Right after high school, Felicia Campbell was based in the Middle East with the U.S. Army. While there, she became entranced by the food of the area, studied it after she was discharged, and eventually made her way to a food career at Saveur.
The Food of Oman is her tribute to an under-appreciated, complex cuisine influenced by India, Iraq, Afghanistan, Zanzibar, Egypt, Turkey, among other spots.
These are the (surprisingly manageable) recipes we’re excited to make first:
Lahm Kalia (Slow-Cooked Caramelized Beef). You can’t really pass up something called “caramelized beef,” can you? It’s similar to Indian or Pakistani meat curries in consistency—not too saucy, but full-flavored—while the technique is more like carnitas. You put cubed beef, water, tomato, onion, and a blend of warm spices—coriander, cumin, cardamom, clove, ground ginger, turmeric—into a pot and forget about it for two hours. Once the meat is soft, boil off the remaining liquid until you have meltingly tender, crunchy bits of beef with a sauce. I found it very workable for a weeknight dinner, as long as you’re home in time to get it started—but it sounds like the greatest Sunday project, too.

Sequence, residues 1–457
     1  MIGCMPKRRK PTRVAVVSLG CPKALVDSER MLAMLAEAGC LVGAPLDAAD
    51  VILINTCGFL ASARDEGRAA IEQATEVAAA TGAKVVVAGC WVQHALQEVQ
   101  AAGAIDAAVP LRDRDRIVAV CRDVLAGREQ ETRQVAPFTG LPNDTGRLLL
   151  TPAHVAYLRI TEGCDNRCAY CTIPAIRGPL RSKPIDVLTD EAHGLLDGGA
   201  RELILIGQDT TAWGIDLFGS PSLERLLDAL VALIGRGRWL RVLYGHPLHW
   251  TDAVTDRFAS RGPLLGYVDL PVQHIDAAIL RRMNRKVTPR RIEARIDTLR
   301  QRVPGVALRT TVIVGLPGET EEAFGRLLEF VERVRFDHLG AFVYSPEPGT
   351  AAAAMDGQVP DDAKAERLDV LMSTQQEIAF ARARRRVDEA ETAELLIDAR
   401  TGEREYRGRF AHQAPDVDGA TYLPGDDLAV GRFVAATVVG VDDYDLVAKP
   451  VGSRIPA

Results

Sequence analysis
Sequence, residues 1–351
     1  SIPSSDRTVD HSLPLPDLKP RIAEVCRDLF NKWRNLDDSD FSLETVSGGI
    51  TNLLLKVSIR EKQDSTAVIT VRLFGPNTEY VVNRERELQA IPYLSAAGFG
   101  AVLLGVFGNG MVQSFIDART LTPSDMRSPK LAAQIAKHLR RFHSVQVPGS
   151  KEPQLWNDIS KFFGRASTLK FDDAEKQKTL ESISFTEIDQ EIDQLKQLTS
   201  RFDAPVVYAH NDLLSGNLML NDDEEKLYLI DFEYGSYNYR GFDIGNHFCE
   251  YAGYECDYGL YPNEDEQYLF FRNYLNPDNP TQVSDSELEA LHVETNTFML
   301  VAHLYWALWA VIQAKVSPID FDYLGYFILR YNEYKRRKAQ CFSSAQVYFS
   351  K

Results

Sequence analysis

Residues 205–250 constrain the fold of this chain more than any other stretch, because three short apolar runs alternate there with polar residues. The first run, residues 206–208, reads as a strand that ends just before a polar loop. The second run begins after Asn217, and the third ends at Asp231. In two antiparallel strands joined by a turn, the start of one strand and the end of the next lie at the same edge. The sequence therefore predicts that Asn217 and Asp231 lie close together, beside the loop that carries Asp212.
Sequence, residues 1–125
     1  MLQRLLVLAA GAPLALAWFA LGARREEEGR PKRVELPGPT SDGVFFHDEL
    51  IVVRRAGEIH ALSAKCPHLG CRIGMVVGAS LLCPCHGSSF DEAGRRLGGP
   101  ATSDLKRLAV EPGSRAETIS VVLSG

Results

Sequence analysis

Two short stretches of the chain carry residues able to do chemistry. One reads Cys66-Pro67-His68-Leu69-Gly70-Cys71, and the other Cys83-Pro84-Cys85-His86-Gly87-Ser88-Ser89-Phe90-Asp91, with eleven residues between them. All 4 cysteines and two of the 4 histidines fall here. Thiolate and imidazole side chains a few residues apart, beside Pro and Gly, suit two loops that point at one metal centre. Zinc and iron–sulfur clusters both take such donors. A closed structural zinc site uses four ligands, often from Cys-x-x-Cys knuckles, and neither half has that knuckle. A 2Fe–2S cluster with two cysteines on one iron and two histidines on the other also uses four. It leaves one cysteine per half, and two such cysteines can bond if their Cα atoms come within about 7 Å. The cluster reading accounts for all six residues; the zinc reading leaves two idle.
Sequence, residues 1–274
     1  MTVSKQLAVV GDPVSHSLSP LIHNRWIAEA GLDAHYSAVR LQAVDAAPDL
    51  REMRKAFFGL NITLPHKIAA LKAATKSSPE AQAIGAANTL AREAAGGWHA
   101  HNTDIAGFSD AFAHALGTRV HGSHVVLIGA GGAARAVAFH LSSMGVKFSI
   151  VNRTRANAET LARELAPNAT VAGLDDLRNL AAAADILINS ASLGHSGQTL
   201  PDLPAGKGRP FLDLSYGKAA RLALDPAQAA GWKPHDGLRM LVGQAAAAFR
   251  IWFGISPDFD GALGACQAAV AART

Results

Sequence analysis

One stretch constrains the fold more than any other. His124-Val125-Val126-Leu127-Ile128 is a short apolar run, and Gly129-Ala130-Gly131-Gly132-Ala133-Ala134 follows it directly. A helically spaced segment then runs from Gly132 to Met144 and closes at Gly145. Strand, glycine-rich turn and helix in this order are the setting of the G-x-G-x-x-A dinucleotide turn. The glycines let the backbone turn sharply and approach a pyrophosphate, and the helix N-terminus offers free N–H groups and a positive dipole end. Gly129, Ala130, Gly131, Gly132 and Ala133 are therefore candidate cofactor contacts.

To revive you from this season’s food hangovers:
Paplou (Citrusy Seafood Soup with Basmati Rice). This is an ideal meal from now until whenever your next holiday celebrations begin. It’s a light mixture of poached vegetables and tuna, brightly colored from all the turmeric and brightly flavored from the dried and fresh lime and plenty of fresh ginger. You’re hardly depriving yourself of anything with an ingredient list like that.
To give your pizza stone second life:
Madhbi Djaj (Hot Stone Dhofari Chicken). You can now add impeccable roast chicken to the list of things your pizza stone can do. Porous rock wicks away moisture, which makes for perfectly even caramelization. Campbell says the method produces some of the most flavorful chicken she’s ever eaten—using only salt! You simply spatchcock a whole chicken, sprinkle it with salt, and cook for 50 minutes to a hour, flipping once.
Dehydrated coconut milk powder. It’s the only ingredient called for that you can’t make at home and probably can’t find at your grocery store. But it’s worth finding online to give your dishes a malty, deeply coconut-y flavor. It’s also an ingredient that can work with a lot of other recipes in your repertoire: I’m thinking malted coconut ice cream and some crumbly coconut-flavored shortbread.
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